Without the exposure Envy and Other Sins found themselves swarmed in, the Midlands lovelies would’ve still been slaving away in their day jobs. The TV contest they won was unfortunately targeted at the wrong audience and the promotion for their storming single ‘Highness’ was pretty non-existent – resulting in it missing the Top 40. The band are stuck between the devil and the deep blue sea – supporting The Hoosiers at one end, unable to be playlisted on Radio One due to Jo Whiley’s conflict of interests at the other. They’re filling the small venues they once only attracted a few people to, but surely the thousands of people watching the programme should have made for a more market progression? And equally, the endless assault of disheartening put-downs they face can’t be all that much fun. In ‘We Leave At Dawn’, they forget the backlash and provide us with a selection of intricate, well-crafted, reflective snippets. This is pop music with heart, intricacy and subtleties – a self-justification of sorts.
It’s a record best listened to with headphones to pick up on the crescendos and the way the elements are carefully knitted together. Megastar producer Danton Supple’s efforts on ‘We Leave At Dawn’ give the album a finish which verges on over-polished – the instruments are a tad too crisply separated, or in the extreme, too hazily fused. Regardless of that negative, the four-piece continue to write lyrics far cleverer than your average indie-pop fare – they’re pacey and idiosyncratic, complementing the sweet little ascending vocal runs that frame them in songs like ‘Almost Certainly Elsewhere’.
It’s refreshing to listen to music so unpretentious and naturally memorable which retains its quirks even after repeated listens – it can feel too familiar on the first play, but the knack for telling a story and pushing out cute hooks and rhythms far overrides any cynicism that may be trying to creep out. ‘Morning Sickness’ is a timely blend of Casio arpeggios, homely yet unsettling bass and challenging tonality. ‘Step Across’ is an ecstatic escapist mish-mash of piano hammering and scattergun syllables – the most complex and involved offering on the album.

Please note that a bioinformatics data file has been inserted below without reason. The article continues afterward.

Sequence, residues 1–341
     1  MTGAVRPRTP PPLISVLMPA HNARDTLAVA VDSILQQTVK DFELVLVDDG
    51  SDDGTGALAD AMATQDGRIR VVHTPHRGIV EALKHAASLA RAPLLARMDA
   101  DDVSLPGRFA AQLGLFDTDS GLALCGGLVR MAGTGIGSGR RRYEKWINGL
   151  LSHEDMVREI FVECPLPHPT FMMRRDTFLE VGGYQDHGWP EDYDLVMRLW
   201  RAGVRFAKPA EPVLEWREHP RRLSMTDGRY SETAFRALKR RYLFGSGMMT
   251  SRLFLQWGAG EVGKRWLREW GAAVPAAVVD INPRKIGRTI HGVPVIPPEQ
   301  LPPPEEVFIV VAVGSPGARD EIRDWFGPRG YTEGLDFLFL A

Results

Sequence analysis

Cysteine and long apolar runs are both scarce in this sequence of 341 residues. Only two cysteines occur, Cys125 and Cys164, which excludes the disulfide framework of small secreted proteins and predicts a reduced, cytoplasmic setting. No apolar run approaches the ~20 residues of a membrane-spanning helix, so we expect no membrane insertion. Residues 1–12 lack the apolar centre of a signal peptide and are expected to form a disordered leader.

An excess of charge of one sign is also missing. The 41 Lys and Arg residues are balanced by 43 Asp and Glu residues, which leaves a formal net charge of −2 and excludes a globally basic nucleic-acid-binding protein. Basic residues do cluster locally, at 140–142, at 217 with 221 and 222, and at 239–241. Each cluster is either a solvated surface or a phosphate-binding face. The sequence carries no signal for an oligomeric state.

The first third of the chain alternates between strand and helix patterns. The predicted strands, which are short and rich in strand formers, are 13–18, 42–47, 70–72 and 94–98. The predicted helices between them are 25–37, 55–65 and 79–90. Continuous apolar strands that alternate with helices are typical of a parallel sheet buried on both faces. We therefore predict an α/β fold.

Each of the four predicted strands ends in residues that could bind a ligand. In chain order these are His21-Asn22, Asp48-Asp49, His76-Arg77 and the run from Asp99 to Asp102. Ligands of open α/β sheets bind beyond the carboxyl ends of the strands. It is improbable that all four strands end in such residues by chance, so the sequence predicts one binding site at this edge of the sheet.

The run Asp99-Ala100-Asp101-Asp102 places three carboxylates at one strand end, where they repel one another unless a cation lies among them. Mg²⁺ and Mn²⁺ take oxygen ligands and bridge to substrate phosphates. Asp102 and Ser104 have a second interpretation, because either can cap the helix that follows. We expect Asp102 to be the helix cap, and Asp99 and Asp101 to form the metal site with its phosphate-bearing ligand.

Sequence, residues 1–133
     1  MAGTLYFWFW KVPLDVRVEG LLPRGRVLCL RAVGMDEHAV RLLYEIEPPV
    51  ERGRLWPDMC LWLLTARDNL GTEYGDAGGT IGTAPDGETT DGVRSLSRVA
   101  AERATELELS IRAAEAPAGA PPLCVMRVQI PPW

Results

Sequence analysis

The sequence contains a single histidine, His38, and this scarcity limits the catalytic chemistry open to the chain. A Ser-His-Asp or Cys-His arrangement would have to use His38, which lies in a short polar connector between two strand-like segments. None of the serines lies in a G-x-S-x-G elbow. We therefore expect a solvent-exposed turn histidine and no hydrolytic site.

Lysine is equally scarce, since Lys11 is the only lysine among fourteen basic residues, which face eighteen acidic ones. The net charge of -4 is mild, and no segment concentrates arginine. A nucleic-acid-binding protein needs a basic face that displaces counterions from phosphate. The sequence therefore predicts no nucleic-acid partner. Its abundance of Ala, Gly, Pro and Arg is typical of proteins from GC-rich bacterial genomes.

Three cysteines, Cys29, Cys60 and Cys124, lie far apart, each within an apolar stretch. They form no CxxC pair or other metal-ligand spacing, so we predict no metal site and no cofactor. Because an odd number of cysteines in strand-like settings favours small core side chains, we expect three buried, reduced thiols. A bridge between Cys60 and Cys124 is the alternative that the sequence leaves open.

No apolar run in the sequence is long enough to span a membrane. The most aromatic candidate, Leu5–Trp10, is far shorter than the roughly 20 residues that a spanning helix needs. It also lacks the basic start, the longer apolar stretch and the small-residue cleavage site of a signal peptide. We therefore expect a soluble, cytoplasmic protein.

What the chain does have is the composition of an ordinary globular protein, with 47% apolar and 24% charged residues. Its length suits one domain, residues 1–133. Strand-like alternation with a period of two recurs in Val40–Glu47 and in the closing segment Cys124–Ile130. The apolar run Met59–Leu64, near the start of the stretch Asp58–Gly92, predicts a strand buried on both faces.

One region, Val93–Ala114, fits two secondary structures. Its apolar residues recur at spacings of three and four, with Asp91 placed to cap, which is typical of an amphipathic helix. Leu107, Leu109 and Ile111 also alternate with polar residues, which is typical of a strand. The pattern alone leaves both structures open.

Next single ‘Man Bites God’ is oh-so-contagious: “We’re rotten to the core, we’re all the same/we are scu, you were like us/but when did you become so righteous?/Let’s do a roaring trade, ‘til the day the Messiah comes/And stops us having fun” – it’s rollicking, knowing, and proof of Envy and Other Sins’ highs and low, sidesteps and backsteps, devious sneaking in of a bar in 6/4… it’s a song which should be loved by millions. Though ‘Don’t Start Fires’ is the album’s highlight; it’s so simple and unfussy yet its soaring melodies make it epic in the same vein as Doves, with a huge-scale sound that the stadium bands aspire towards, not to mention a damn fine effort on the drums. The nigh on falsetto of the album-closer ‘Shipwrecked’ shows off a more spacious, nautical sound which touches on a new-found viciousness, something which should be more evident in other places on the album but is somehow passed by.
Ali’s fey vocal is something which usually provides a contrast rather than a weakness, except on ‘The Company We Keep’ – it possesses the deft chord progressions and syncopation we’ve come to expect, but feels the least substantial due to the anonymity of the otherwise flourishing bass. And ‘(It Gets Harder To Be A) Martyr’ has got the charm but lacks the plentiful core of the album’s best moments.
Although a lovely pop record, we can’t help feeling that the four-piece capable of more, going on the basis of how much fun their live shows are and how much they put into their music. It’s a shame that the production has dumbed down their Victorian leanings, although maybe we just expected perfection… let’s hope Envy and Other Sins get the attention they deserve very soon.